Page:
How to order: Call 415-982-3516.

Photo by Telstar Logistics
Photo by Telstar Logistics
Photo by Telstar Logistics

Sam Wo

“Sam Wo is a classic SF staple since it opened in 1907. Its casual, no-frills community has always been my favorite to go to late at night when the lines weren’t stupid long. Nothing beats ending your night out more than orders of BBQ pork rice noodle rolls and waiters forgetting to give you water after asking multiple times. Feels familiar and like home.” – Linh-Yen Hoang, a Vietnamese-American artist and designer whose work is “informed by her identity and experiences, both ordinary and nuanced.”
How to order: Use UberEats for delivery.

Lucky Creation 

“Lucky Creation is paradise for vegans. Everything is plant based and affordable, with a wide range of fake meats. The seasoning is subtle but complex, as opposed to in-your-face flavors of more tourist-oriented spots. You can’t go wrong ordering anything with bean curd.” Megumi Tanaka, an interdisciplinary designer, artist, developer, and expert on obscure information.
How to order: Call 415-989-0818.

Photo by Gary Soup
Photo by Gary Soup
Photo by Gary Soup

R&G Lounge

“When I think of R&G Lounge, I think of sitting at the round tables with family for special occasions. I also think of their signature salt and pepper crab and other Cantonese banquet style dishes. It’s a whole experience we’ve certainly taken for granted in the past.” Daphne Wu, an Oakland-based freelance web designer who is passionate about community building through food, drinks, and storytelling.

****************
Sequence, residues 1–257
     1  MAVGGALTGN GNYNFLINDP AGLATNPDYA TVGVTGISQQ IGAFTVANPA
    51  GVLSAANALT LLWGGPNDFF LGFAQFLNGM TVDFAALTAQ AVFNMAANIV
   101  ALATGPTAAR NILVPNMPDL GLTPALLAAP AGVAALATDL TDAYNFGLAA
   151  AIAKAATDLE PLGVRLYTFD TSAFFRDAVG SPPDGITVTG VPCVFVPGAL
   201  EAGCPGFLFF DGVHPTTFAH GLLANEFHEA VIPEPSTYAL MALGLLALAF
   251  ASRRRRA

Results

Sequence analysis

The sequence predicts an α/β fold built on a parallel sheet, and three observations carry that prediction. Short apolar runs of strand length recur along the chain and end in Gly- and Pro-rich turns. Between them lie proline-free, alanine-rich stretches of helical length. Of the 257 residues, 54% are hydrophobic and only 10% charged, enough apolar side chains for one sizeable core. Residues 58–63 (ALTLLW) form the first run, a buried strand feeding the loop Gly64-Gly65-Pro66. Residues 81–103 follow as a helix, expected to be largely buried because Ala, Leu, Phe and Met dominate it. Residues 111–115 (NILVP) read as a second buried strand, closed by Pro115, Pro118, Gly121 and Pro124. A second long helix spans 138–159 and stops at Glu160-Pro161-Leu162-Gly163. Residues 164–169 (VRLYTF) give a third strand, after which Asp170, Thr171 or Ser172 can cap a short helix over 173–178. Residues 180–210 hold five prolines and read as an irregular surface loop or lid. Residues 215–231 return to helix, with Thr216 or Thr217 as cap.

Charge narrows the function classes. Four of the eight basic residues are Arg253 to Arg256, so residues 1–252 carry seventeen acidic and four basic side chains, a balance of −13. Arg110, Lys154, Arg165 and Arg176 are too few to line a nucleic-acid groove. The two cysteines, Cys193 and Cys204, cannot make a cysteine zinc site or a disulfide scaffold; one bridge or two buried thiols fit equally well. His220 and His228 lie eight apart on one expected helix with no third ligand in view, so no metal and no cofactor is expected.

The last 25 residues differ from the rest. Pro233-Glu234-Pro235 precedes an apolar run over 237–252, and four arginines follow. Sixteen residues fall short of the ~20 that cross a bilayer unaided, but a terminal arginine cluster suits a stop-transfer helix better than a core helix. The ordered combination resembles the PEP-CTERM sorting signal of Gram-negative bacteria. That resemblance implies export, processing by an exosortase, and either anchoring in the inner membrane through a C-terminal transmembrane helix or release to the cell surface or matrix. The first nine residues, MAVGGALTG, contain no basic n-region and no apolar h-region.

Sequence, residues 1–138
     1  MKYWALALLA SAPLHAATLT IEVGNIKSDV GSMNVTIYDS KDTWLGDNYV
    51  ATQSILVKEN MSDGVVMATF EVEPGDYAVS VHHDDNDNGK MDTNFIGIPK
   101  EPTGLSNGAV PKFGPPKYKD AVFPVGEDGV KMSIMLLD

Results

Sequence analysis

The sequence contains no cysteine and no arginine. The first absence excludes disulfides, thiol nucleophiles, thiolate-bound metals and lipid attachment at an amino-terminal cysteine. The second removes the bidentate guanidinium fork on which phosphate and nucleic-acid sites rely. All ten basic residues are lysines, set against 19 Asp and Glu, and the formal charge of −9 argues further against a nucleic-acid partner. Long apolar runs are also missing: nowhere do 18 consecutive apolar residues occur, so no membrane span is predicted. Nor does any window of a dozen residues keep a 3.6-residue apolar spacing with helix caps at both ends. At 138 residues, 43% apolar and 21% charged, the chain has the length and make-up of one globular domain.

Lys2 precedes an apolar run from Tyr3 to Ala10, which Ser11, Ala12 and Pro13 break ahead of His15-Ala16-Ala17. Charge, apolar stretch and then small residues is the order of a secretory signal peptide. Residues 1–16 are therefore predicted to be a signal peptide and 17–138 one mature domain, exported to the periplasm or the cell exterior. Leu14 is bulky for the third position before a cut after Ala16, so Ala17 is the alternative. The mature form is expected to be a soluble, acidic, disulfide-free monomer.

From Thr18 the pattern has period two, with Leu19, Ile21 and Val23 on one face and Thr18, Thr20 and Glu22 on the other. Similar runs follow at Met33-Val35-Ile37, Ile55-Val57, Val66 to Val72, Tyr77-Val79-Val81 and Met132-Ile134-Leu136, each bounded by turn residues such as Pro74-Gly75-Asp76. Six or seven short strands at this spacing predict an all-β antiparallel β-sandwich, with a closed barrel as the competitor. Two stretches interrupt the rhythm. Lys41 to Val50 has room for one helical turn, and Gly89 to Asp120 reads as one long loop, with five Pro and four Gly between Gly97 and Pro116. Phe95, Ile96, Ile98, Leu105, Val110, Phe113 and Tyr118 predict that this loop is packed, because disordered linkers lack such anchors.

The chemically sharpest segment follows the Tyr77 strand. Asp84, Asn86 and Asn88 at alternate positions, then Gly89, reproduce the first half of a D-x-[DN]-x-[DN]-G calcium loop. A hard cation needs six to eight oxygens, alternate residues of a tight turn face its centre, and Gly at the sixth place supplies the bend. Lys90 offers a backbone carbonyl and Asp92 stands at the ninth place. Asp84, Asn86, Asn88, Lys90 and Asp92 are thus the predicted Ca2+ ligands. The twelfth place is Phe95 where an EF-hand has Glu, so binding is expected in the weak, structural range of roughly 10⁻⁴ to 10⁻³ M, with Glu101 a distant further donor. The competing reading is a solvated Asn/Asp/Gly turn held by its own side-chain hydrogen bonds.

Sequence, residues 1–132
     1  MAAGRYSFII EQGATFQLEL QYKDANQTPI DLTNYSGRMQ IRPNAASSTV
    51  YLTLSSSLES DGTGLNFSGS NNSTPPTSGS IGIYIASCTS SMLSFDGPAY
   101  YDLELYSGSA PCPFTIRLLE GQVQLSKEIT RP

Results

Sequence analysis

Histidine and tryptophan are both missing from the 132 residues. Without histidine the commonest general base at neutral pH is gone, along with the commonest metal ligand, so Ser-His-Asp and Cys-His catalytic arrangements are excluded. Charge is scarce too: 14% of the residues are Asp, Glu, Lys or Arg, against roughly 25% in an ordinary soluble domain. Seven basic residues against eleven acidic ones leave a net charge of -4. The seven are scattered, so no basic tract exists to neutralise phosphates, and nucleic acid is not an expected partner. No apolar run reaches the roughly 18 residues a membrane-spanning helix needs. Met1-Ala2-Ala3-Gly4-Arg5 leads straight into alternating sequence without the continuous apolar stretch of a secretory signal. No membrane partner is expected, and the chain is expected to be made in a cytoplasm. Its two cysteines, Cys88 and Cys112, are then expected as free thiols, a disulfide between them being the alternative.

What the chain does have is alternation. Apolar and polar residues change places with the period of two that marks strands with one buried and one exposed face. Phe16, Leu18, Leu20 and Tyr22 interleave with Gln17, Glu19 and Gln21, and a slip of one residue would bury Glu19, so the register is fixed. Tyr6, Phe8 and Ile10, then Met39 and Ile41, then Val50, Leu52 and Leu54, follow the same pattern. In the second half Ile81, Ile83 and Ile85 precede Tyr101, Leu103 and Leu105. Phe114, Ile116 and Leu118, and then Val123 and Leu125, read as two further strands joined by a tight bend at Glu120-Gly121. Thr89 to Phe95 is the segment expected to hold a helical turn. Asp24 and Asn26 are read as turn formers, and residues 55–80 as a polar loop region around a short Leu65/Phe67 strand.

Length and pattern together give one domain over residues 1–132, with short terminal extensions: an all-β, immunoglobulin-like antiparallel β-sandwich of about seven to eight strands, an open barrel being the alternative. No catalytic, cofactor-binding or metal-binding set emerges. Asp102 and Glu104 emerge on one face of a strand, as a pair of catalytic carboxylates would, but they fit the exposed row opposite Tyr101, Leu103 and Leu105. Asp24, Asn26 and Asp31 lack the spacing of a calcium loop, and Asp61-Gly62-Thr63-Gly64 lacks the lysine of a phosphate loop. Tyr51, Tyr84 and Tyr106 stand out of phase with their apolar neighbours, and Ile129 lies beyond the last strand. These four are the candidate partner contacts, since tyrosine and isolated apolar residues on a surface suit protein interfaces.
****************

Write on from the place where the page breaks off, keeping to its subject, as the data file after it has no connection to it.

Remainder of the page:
How to order: Use Caviar for delivery.

Lai Hong Lounge

“You can’t go wrong with Lai Hong Lounge if you’re looking for dim sum. All my favorite dim sum dishes are great here and even their egg tarts are the classic dim sum ones that can be hard to find nowadays! If you’re feeling fun you should order the custard buns because they come in the shape of little pigs.” – Jocelyn Tsaih
How to order: Use GrubHubPostmates, or UberEats for delivery.

Photo by Jennifer Woodard Maderazo
Photo by Jennifer Woodard Maderazo
Photo by Jennifer Woodard Maderazo

Golden Gate Bakery and Dragon Papa

“I’m obsessed with egg tarts, so when I’m in Chinatown, I always try to see if Golden Gate Bakery is open (their hours are very unpredictable), and if not, sometimes I’ll get a snack called Dragon Beard Candy. It kind of looks like floss, which is why they named it Dragon Beard, but it’s a sweet pastry. I like getting a box of that candy from there.” Jocelyn Tsaih, an Oakland artist by way of Taiwan and Shanghai, interested in utilizing art as a tool to amplify voices, raise awareness, and give back to communities. Her work is a reflection on human connection and identity.
How to order: Golden Gate Bakery is temporarily closed. Call 415-539-7728 for Dragon Papa.

Want to help save the Bay Area’s local Chinatowns? There’s a list of things you can do on the Save Our Chinatowns homepage, and right now, you can donate money and get a digital copy of their limited-edition zine for the Lunar New Year, titled “Have You Eaten Yet?” that includes recipes from Oakland Chinatown businesses.

Daisy Barringer is an SF-based writer who was lucky enough to grow up going to the famous Chinese New Year Parade most years. She’ll miss it this year. Gung hay fat choy!